If football had acted like a grown-up multi-million pound industry, then there would be no question of bungs in football now. Yet it allowed a network of double-agents, acting for club a and player simultaneously, to develop unchecked, scorning the need for governance. It has only now, belatedly, ended this practice, but there remain huge gaps in the rules of engagement.
And likewise, it did not require the wisdom of Solomon to realise that, having exposed football clubs to market forces 15 years ago, action was needed to prevent football clubs falling into the wrong hands. Yet we now see a transfer market inflated as a result of nameless, faceless investors acting as part of consortiums and investors with dubious records in the cash creation department. And that is before we deal with those who have disastrous records in the cash management department. How on earth was Peter Ridsdale allowed to hold another job in football, anyone?
Complex off-shore holdings might be appropriate in the city, but they are not appropriate in the world of sport, where people invest their emotions in the vehicle into which investors buy. And football is perfectly within its rights to demand that, as a condition of membership of its leagues, you must be owned in an appropriate and transparent manner and accordingly if you don't satisfy the test, you aren't coming in.
If football were to do that, it would be a start. But it wouldn't be the whole answer. For football already has a fit and proper persons test, designed to prevent football clubs falling into the wrong hands, but it's solution is inadequate, Manchester City may yet prove should their new owner find himself convicted of fraud in Thailand. Simply kicking the team out of the league is all football can do, but therein lies the flaw: who loses out most, when supporters find themselves without a team because of an owner they did not want in the first place?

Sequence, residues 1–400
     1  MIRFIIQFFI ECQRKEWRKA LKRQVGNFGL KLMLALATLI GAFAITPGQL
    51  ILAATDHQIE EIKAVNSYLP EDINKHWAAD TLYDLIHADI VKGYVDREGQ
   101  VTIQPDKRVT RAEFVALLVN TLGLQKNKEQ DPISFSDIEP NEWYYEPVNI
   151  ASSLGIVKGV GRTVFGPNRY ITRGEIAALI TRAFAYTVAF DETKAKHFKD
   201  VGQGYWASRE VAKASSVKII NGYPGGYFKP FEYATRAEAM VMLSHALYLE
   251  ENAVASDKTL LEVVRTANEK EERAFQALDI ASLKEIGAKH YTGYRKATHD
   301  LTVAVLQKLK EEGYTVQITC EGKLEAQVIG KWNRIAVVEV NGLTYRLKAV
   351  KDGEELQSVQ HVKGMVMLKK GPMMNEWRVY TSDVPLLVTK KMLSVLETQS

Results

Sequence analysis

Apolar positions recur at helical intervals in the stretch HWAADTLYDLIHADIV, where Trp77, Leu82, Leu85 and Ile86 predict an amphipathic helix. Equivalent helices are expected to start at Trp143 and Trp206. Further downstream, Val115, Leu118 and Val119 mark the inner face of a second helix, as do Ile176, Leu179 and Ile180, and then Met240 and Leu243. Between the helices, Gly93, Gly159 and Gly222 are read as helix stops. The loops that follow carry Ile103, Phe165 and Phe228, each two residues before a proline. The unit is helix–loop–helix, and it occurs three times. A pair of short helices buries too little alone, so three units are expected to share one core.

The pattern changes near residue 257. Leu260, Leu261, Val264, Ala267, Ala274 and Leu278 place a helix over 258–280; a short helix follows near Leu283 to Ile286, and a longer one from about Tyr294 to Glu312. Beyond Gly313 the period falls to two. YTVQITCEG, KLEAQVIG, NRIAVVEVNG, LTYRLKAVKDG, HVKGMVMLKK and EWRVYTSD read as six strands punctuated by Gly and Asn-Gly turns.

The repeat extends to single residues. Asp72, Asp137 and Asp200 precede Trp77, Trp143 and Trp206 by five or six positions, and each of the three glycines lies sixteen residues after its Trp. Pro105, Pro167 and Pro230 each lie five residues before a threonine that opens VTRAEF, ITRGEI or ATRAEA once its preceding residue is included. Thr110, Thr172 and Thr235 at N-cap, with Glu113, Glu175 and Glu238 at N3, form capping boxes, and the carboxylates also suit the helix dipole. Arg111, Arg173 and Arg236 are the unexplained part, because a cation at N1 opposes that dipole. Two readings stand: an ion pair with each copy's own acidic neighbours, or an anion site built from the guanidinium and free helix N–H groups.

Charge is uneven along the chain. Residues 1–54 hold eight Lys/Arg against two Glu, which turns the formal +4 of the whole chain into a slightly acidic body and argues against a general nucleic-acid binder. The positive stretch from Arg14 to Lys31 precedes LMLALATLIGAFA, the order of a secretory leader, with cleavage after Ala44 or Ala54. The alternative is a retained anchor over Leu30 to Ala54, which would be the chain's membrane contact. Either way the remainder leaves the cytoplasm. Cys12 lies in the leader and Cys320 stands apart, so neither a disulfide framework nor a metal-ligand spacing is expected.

Football - and indeed sport in general - needs help from above. These three different affairs demonstrate not only football's inability to look after itself, but also the uneasy relationship between questions of sporting nature and the law of the land. It is ironic that in the summer that complex legal questions bedevilled football, an EU report quietly watered down a British led proposal to find workable exceptions for sport from generally applicable laws in certain circumstances.
That is the wrong result, and it should not be allowed to wither quietly on the vine. Football, sport in general - these are different industries to most, and they need to be recognised as such. But if a quid pro-quo was that the game gets its own house in order so that, rather than reacting to the next big crisis after the horse has bolted it shuts the gate before the crisis escapes, then perhaps that would be the best solution all round.
And then, hopefully, we can get back to speculating on the football itself.